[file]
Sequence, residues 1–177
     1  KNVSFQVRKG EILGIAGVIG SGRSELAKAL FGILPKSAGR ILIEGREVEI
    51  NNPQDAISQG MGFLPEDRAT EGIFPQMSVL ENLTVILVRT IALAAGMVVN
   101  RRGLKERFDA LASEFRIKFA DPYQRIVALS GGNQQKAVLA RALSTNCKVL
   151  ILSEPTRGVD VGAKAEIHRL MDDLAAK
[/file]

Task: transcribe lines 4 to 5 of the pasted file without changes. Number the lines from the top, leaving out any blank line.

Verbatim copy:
   101  RRGLKERFDA LASEFRIKFA DPYQRIVALS GGNQQKAVLA RALSTNCKVL
   151  ILSEPTRGVD VGAKAEIHRL MDDLAAK